Rural Oregon could take brunt of climate change


Economically-depressed areas oftentimes are most adversely affected by changing planet.

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BY JACOB PALMER | DIGITAL NEWS EDITOR

Economically-depressed areas are oftentimes most adversely affected by adversity. In Oregon in 2015, that means the rural parts of the state could be disadvantaged by climate change.

This is what Climate Trust Executive Director Sean Penrith argued in a post for Portland Business Journal.

The ability to withstand the impact of a changing climate is felt most by the developing world. Furthermore, the divide between urban and rural is exacerbated when economic opportunity and resources are scarce in fragile rural populations.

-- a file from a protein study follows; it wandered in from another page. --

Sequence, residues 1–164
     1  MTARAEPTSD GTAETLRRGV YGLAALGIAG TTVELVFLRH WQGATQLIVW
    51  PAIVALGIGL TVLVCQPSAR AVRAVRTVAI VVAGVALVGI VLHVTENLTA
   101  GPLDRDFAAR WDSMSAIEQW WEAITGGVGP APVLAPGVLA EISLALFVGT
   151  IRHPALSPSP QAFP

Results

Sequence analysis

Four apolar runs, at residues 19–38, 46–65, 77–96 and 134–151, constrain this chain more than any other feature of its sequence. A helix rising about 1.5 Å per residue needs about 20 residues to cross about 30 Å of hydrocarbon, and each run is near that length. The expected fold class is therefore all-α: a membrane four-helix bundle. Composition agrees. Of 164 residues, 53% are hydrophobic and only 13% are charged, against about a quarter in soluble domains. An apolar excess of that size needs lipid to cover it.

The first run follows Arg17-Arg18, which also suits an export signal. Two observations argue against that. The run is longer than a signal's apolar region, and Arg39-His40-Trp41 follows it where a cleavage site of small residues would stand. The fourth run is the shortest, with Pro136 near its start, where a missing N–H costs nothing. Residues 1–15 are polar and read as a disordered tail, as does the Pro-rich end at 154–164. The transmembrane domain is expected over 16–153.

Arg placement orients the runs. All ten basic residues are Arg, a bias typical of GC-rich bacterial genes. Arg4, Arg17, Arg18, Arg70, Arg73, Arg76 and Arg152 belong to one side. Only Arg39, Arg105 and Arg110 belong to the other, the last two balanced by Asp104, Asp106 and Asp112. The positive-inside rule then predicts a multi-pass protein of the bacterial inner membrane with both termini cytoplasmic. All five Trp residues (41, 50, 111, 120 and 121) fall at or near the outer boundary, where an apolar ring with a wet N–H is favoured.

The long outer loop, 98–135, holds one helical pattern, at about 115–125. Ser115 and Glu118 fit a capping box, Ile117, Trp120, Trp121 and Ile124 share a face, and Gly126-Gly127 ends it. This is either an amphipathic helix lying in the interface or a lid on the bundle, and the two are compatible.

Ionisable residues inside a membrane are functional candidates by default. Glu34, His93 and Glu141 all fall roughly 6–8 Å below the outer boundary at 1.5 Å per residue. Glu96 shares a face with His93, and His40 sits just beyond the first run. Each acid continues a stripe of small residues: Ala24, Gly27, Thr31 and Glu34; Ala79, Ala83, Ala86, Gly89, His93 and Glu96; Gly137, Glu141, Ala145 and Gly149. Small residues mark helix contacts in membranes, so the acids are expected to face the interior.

A recent study published in the journal Nature indicates that without any action on climate change, our global economy could contract by 23 percent in 2100. The research found that changing climates would negatively impact hotter countries, which tend to be economically disadvantaged, and reduce the average income in the poorest 40 percent of countries by 75 percent in 2100.

(READ MORE: Portland Business Journal)

Do you agree with Penrith’s assertions?

RELATED NEWS: Cost of college too high for rural teens5 takeaways from the rural Oregon economic report

 


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